This moss is unique in appearance due to its upright, slightly spiral-shaped growth. It has not yet been determined to the species and so far is referred to as Taxiphyllum sp. "Flame Moss". Individual tufts can even be used as a solitary plant, as this moss does not have such a flat growing habit. Flame moss is an uncomplicated moss and also strikes root into the substrate. It has a nice, dark green colour.

    • Genus: Taxiphyllum
    • DIfficulty: easy
    • Growth rate: slow
    • Temperature tolerance: 12 - 30°C
    • Can grow an emersed form: yes

    Christmas Moss

    Christmas Moss

    Christmas Moss has a typical growth habit for creeping mosses, with fir-like, elongated fronds. It may be Vesicularia montagnei from tropical Asia, or another very similar Vesicularia species. It strikes root into the substrate and then also grows in a horizontal direction. If enough light is available, the fronds remain densely branched and form a hanging growth.

    • Genus: Vesicularia
    • Difficulty: easy
    • Growth rate: slow
    • Temperature tolerance: 15 - 30°C
    • Can grow an emersed form: yes

    Java Moss

    Taxiphyllum barbieri

    Botanically known as Taxiphyllum barbieri, Java Moss is probably the most popular moss for aquariums and very frugal in its keeping. Under good conditions, it is quite fast-growing for a moss and adheres well to decorative objects such as wood or stones.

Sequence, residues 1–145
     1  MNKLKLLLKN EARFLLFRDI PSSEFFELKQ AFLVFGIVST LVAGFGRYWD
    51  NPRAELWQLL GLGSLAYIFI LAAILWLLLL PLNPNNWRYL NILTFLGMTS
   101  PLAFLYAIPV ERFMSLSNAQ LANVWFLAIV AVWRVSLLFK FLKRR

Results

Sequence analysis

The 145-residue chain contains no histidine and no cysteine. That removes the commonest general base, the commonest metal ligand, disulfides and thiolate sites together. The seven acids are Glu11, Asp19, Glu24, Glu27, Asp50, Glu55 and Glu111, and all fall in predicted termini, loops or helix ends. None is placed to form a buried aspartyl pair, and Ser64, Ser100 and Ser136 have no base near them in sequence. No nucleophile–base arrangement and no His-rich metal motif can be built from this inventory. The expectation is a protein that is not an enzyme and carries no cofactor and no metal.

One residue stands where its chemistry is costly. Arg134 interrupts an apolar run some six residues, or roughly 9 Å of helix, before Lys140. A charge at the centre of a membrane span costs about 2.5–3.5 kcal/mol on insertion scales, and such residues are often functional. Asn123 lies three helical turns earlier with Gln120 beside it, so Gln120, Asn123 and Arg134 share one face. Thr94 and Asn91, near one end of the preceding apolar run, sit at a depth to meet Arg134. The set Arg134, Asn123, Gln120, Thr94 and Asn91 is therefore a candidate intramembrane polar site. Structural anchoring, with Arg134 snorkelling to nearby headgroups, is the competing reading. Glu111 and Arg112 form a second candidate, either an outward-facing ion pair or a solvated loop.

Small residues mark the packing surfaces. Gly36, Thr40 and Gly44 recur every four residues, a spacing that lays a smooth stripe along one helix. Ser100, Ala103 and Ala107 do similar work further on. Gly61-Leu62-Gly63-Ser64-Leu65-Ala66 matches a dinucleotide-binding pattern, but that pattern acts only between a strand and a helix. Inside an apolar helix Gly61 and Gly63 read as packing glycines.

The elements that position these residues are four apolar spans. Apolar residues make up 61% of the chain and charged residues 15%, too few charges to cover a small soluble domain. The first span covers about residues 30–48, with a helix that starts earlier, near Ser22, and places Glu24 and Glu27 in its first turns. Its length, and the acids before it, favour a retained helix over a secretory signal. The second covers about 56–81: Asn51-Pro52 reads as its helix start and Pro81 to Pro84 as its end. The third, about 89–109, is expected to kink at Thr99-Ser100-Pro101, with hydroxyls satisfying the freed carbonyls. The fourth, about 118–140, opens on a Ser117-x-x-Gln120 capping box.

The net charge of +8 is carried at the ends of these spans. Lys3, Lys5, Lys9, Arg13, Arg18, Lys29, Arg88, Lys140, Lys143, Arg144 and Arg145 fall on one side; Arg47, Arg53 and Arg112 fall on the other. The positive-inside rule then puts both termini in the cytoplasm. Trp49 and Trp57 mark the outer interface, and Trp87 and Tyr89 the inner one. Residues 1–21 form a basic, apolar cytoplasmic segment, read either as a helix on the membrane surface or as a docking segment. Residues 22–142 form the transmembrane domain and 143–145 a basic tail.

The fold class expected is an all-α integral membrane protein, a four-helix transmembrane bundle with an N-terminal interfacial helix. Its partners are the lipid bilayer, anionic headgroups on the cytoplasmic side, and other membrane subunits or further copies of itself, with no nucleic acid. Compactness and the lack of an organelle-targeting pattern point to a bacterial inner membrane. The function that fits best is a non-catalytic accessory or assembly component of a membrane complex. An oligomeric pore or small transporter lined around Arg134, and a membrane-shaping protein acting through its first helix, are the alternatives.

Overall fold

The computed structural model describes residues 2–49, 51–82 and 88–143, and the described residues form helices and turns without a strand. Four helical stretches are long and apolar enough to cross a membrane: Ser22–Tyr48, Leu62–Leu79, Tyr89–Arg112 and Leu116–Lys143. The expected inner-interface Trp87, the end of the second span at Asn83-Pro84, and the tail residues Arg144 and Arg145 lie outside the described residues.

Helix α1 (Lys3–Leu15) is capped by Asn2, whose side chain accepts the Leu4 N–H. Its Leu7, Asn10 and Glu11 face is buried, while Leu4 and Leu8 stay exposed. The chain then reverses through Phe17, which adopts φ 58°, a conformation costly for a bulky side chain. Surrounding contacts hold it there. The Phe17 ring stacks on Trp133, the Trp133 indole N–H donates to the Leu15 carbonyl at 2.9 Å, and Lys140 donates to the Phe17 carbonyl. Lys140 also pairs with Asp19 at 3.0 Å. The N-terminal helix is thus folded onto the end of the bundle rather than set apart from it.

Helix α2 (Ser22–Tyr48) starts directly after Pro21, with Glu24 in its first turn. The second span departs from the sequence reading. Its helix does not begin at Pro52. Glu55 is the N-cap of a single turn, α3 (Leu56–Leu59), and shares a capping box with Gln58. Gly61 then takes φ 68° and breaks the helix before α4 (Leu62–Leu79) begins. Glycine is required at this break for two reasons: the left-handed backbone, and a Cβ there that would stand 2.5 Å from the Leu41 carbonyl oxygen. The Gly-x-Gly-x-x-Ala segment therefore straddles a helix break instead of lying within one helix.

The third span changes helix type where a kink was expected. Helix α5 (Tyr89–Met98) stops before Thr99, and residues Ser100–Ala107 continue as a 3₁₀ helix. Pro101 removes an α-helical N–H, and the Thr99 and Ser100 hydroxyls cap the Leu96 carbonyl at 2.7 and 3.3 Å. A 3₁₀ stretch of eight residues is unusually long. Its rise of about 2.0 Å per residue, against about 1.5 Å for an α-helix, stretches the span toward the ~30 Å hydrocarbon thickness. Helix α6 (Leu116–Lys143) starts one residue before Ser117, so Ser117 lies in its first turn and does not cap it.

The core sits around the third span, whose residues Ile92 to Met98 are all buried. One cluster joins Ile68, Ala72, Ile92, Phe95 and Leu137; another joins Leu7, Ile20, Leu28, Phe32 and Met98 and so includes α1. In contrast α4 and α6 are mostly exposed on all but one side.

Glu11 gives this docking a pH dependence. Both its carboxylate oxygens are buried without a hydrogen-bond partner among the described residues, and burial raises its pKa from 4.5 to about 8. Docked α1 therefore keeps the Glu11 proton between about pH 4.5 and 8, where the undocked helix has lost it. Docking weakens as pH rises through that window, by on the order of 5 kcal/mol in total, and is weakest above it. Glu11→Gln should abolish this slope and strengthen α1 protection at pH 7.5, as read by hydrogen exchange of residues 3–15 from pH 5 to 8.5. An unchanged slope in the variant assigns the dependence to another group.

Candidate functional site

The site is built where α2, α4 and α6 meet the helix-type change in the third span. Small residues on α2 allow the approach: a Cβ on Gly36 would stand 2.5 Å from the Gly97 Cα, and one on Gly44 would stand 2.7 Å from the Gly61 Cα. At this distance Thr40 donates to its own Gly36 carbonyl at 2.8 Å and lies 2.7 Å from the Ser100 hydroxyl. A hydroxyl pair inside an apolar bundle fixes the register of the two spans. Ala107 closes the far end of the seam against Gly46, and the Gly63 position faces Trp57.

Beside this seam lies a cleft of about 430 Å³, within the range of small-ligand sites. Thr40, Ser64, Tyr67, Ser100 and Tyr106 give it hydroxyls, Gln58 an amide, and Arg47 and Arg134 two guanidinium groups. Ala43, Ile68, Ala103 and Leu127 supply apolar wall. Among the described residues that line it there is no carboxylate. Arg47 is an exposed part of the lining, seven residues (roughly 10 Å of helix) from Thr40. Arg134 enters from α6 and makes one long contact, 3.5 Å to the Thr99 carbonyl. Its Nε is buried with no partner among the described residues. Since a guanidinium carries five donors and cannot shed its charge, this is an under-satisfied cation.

• Genus: Taxiphyllum
    • DIfficulty: very easy
    • Growth rate: medium
    • Temperature tolerance: 12 - 34°C
    • Can grow an emersed form: yes

    Weeping Moss

    Vesicularia ferriei 'Weeping Moss'

    The Weeping Moss is native to East Asia and has the botanical name Vesicularia ferriei. It impresses with its strongly hanging growth and is therefore particularly suitable for greening individual root pieces. However, it does not grow on the ground and should therefore be tied down in the traditional way. As an in vitro plant or in landform, weeping moss has quite upright growing shoots. Underwater, however, it develops the typical hanging growth habit similar to a Weeping Willow.

    tying down Christmas Moss

    • Genus: Vesicularia
    • Difficulty: easy
    • Growth rate: slow
    • Temperature tolerance: 15 - 30°C
    • Can grow an emersed form: yes

    Riccia

    Riccia fluitans

    Riccia fluitans is more typically known as a floating plant. It was made popular for aquascaping by Takashi Amano, who used the moss as a groundcover. Crystalwort emits small bubbles when supplied with enough nutrients.

    • Genus: Riccia
    • Difficulty: easy
    • Growth rate: fast
    • Temperature tolerance: 4 - 30°C
    • Can grow an emersed form: yes

    Care

    All species of moss grow comparatively slowly. This reduces the care required. Nevertheless, pads should be thinned out over time, and (excessively) overgrown stones or wood need to be dug up. Use tweezers to gently pluck off excess moss. Trimming with the help of scissors may make sense from a design point of view, but often causes many tiny moss particles spreading uncontrollably in the water. They then often continue to grow elsewhere, which is not always desirable. Remedy here is the interruption of the waterflow during trimming and the immediate syphoning or collection of the remnants.

    Even though most types of moss are rather frugal, sufficient lighting, a good supply with CO2 and appropriate liquid fertilization will support growth and vitality of the plants.